Tumors with higher ADC values often contain more necrotic tissue and/or damaged cell membranes, with a poorer blood perfusion, and are relatively insensitive to radiotherapy , indicating that pre-radiotherapy ADC values can predict radiotherapy effects to a certain extent and can be used by clinicians to assess the sensitivity of tumors before radiotherapy. However, in the present study, no statistical difference was noted between effective group ADC values and invalid group ADC values before treatment cycle. In addition, we demonstrated that the ΔADC values were significantly higher in effective group than those in the invalid group. The AUC of ΔADC is 0.898 with 81.8% sensitivity and 85.7% specificity. These results demonstrated that ΔADC values have a potential to monitor therapeutic efficacy and distinguish chemoradiotherpy sensitive and insensitive brain metastasis from lung cancer.
There are a few limitations of this study. First, the small number of patients might limit the statistical results of the cases. Second, there is lack of long time follow-up of patients after treatment. The correlation of ADC with the overall survival in patients with brain metastasis from lung cancer is needed in the further studies.
In summary, ADC value examination during the chemoraidotherapy treatment cycles can help early monitoring and dynamic observation of therapeutic efficacy in brain metastases from lung cancer. It is possible for clinicians to quickly, accurately and non-invasively predict and monitor the responses of tumors before and during treatment, to stop ineffective treatment early and to reduce unnecessary toxicity and medical expenses.
Apparent diffusion coefficient
Arterial spin labeling
The area under the curve
Coronary Artery Bypass Grafting
Diffusion tensor imaging
Diffusion weighted imaging
The receiver operating characteristic
Jenkinson MD, Haylock B, Shenoy A, Husband D, Javadpour M. Management of cerebral metastasis: evidence-based approach for surgery, stereotactic radiosurgery and radiotherapy. Eur J Cancer. 2011;47(5):649–55.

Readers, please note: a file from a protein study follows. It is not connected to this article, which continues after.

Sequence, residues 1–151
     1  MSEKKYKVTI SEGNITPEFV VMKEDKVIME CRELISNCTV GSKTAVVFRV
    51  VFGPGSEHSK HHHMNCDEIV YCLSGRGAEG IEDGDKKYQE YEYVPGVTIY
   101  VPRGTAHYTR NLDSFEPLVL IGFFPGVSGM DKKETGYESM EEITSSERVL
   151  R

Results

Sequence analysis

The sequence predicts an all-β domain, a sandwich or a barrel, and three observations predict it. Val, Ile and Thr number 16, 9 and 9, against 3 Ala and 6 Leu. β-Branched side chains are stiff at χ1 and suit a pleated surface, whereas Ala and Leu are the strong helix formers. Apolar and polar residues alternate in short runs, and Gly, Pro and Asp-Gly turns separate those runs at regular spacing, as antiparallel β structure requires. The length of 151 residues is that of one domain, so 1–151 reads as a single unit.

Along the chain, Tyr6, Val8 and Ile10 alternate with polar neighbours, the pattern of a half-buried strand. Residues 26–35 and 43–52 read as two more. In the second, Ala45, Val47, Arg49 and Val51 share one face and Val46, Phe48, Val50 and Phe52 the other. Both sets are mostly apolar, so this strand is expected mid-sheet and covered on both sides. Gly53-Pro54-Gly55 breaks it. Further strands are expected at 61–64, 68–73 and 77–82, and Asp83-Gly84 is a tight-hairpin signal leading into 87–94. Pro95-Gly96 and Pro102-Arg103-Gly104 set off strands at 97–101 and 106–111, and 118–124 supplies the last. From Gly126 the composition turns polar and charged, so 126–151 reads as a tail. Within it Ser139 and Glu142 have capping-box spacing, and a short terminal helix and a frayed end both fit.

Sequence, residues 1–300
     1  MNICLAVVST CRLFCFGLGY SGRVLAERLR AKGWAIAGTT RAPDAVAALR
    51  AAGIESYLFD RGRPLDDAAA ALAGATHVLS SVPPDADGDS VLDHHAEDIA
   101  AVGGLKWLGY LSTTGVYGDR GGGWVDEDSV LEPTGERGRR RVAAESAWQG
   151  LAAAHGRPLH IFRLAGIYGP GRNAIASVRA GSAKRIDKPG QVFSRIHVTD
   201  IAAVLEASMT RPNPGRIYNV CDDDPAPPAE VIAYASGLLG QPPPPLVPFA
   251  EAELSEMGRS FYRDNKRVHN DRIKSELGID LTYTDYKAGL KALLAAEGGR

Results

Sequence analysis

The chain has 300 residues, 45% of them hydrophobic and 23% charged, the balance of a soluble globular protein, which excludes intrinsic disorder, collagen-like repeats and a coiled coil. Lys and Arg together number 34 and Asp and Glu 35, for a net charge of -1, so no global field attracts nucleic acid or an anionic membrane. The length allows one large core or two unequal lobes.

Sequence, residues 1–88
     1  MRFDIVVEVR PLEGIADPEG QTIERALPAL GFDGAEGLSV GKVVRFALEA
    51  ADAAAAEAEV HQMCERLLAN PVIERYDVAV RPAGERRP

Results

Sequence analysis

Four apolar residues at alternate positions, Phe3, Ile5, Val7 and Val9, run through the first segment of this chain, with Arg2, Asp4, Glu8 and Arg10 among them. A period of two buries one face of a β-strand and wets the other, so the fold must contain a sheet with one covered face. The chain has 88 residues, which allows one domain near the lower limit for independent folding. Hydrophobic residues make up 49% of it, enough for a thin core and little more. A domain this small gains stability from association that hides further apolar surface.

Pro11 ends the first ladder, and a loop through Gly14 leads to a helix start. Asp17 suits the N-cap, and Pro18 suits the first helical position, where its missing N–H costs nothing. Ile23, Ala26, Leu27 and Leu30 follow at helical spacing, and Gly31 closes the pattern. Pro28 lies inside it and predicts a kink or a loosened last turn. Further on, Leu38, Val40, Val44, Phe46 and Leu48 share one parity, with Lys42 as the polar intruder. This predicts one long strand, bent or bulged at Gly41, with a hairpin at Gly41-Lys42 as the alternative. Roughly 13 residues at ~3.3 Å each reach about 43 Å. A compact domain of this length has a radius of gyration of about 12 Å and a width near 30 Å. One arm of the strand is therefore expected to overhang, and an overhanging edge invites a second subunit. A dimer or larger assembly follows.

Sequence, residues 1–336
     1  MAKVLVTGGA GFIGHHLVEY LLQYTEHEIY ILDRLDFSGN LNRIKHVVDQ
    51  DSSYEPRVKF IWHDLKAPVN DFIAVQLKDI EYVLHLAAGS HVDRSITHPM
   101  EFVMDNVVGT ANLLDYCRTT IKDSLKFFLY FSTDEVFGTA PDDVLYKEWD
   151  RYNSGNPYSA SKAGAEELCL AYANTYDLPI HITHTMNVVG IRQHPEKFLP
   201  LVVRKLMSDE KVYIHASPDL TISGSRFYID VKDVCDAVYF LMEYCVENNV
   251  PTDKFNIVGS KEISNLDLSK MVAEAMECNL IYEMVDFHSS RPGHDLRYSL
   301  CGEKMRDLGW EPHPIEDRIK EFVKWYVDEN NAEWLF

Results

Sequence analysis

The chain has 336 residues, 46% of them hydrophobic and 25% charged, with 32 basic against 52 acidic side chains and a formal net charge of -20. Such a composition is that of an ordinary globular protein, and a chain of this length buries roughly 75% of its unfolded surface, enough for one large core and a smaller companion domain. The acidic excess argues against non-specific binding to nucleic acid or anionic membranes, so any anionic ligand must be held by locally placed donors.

Nussbaum ES, Djalilian HR, Cho KH, Hall WA. Brain metastases. Histology, multiplicity, surgery, and survival. Cancer. 1996;78(8):1781–8.
Auperin A, Arriagada R, Pignon JP, Le Pechoux C, Gregor A, Stephens RJ, Kristjansen PE, Johnson BE, Ueoka H, Wagner H, et al. Prophylactic cranial irradiation for patients with small-cell lung cancer in complete remission. Prophylactic cranial irradiation overview collaborative group. N Engl J Med. 1999;341(7):476–84.
Gore EM, Bae K, Wong SJ, Sun A, Bonner JA, Schild SE, Gaspar LE, Bogart JA, Werner-Wasik M, Choy H. Phase III comparison of prophylactic cranial irradiation versus observation in patients with locally advanced non-small-cell lung cancer: primary analysis of radiation therapy oncology group study RTOG 0214. J Clin Oncol. 2011;29(3):272–8.
Brufsky AM, Mayer M, Rugo HS, Kaufman PA, Tan-Chiu E, Tripathy D, Tudor IC, Wang LI, Brammer MG, Shing M, et al. Central nervous system metastases in patients with HER2-positive metastatic breast cancer: incidence, treatment, and survival in patients from registHER. Clin Cancer Res. 2011;17(14):4834–43.
Fink KR, Fink JR. Imaging of brain metastases. Surg Neurol Int. 2013;4(Suppl 4):S209–19.
Young RJ, Sills AK, Brem S, Knopp EA: Neuroimaging of metastatic brain disease. Neurosurgery 2005, 57(5 Suppl):S10–S23; discusssion S11–14.